Currency Market Analysis
Aug 24, 2021 | Currency Market Analysis
Global ThemesMarkets staged a strong recovery yesterday leaving the US dollar nursing its biggest daily loss since May 2021. The current risk-on environment is weighing on the safe haven US dollar. As equities and oil prices surge, risk-correlated currencies like the AUD, CAD, NOK and SEK all rallied about 1% versus the world’s reserve currency on Monday.
US flash economic data confirmed the slowdown of the US economic recovery, with service sector growth hitting an 8-month low. Business activity growth slowed for a third successive month, highlighting the slowing momentum of the economic rebound. Despite the lacklustre PMI surveys globally though, investors appear to be cheering the prospect of extended central bank stimulus given hawkish Fed members recently leaning towards a more dovish view regarding tapering too early amid Delta variant concerns.
All eyes are pinned on the Jackson Hole symposium for more guidance from the Fed about this topic of the timing of tapering asset purchases and raising interest rates. Monetary policy divergence has been benefiting the dollar over recent months, but will the Fed deliver the expected hawkish tone or take a surprisingly dovish stance this week?
Oil recovered from its worst week this year overnight. This lead to a rally in most oil lead currencies including CAD, RUB & NOK.
After last weeks increased fears of a surge in the Delta variant of the coronavirus, major oil currencies took a beating. Canadian dollar in particular had its worst week since March 2020. Following the spike in oil prices overnight, CAD, RUB and NOK start the morning against the dollar. The market will be keeping a close eye on the spread of the highly infectious delta variant as if it starts taking a hold, that could seriously dampen recovery efforts.
The British pound extended its rebound against the US dollar yesterday, reclaiming the $1.37 handle after dropping about 1.7% to a 1-month low last week. Investors sought out cheaper, higher yielding assets, which benefited the risk-correlated pound, despite UK PMIs signalling the UK economic recovery is stalling.
Concerns over the pace of global growth in light of rising Covid infections worldwide have recently hit risk appetite, but after a tough week last week, market participants bought back into equities, oil and commodity-linked currencies yesterday. Sterling also appreciated despite UK output growth slowing to a 6-month low, with recoveries in both manufacturing and service sectors losing momentum. Staff shortages due to self-isolation and unfilled vacancies and supply chain issues like material shortages and shipping costs were to blame for the slowdown. Still, both survey readings topped 50, meaning the majority of companies reported an increase in activity over the previous month. Meanwhile, in a boost to UK manufacturers, the UK government will allow businesses to continue to use European CE certification for another year, reducing supply chain risks.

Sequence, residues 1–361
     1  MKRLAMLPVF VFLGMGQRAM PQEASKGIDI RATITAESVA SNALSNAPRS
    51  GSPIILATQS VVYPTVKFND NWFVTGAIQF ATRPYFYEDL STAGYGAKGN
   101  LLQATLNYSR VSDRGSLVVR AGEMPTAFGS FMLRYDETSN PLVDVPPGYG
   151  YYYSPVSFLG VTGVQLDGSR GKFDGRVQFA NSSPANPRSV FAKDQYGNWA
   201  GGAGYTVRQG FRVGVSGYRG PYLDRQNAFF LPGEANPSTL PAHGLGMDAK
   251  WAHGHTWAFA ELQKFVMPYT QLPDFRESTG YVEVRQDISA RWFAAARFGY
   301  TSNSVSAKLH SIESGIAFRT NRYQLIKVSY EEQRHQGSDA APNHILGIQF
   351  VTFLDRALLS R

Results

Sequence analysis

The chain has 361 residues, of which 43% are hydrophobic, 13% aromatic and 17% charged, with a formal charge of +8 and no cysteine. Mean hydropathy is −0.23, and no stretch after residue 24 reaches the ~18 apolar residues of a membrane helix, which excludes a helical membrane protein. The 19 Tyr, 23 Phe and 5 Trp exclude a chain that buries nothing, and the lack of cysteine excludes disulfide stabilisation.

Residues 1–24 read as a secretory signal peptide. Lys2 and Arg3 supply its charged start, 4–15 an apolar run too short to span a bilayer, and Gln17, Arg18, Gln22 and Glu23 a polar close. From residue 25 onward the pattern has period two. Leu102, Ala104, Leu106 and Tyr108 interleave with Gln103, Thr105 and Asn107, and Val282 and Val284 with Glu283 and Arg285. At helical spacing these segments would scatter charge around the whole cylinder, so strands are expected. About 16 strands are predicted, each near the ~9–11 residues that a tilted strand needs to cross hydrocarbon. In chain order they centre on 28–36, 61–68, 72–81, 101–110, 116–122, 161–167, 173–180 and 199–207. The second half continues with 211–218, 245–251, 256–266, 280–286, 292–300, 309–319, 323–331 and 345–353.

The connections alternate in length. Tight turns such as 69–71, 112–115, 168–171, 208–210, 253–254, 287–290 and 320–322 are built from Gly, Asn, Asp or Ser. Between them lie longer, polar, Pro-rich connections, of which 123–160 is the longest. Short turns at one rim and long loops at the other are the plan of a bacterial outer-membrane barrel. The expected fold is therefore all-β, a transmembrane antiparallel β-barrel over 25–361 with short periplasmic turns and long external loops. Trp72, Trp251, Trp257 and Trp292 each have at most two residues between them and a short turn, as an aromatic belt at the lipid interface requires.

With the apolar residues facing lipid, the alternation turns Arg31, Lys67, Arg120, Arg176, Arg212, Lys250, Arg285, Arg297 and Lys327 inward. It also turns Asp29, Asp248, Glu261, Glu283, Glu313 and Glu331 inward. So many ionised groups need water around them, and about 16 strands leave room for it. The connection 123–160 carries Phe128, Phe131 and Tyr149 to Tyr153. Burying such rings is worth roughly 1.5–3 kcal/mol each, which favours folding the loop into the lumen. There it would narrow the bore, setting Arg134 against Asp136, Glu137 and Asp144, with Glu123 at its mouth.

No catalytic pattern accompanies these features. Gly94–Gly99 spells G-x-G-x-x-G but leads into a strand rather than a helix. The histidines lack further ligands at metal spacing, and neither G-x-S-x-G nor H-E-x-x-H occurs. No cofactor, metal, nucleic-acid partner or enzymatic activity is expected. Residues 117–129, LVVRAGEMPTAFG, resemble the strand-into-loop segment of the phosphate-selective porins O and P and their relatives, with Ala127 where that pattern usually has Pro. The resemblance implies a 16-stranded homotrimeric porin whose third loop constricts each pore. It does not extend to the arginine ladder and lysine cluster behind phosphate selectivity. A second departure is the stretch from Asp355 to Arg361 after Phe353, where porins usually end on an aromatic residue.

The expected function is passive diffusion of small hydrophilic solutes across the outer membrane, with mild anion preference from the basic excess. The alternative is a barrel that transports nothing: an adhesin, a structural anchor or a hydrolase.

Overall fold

In the short-term, the pound will be driven by the Jackson Hole meeting this week, but in the long-term, consumer spending holds the key to the UK economic rebound. The potential for a greater proportion of excess savings to be spent is a key source of upside risk to the growth forecasts and the valuation of sterling.
Consumer and government spending has helped fuel a swift German economic recovery, with data this morning revealing Europe’s economic powerhouse expanded 1.6% in the three months to June.
The consumer-led rebound is putting the German economy on track to reach pre-pandemic levels in the next few months, which should help support the common currency from falling too sharply. However, alike the UK, the recovery is stalling due to ongoing raw material and staff shortages as well as supply-chain bottlenecks. The spread of the Delta variant possibly forcing lockdowns to be reinstated is also a major downside risk to current economic projections. Meanwhile, the European Central Bank continues to err on the side of caution, maintaining its unprecedented levels of bond buying and keeping interest rates at record lows, which is likely to limit demand for the euro as policy divergence increases.
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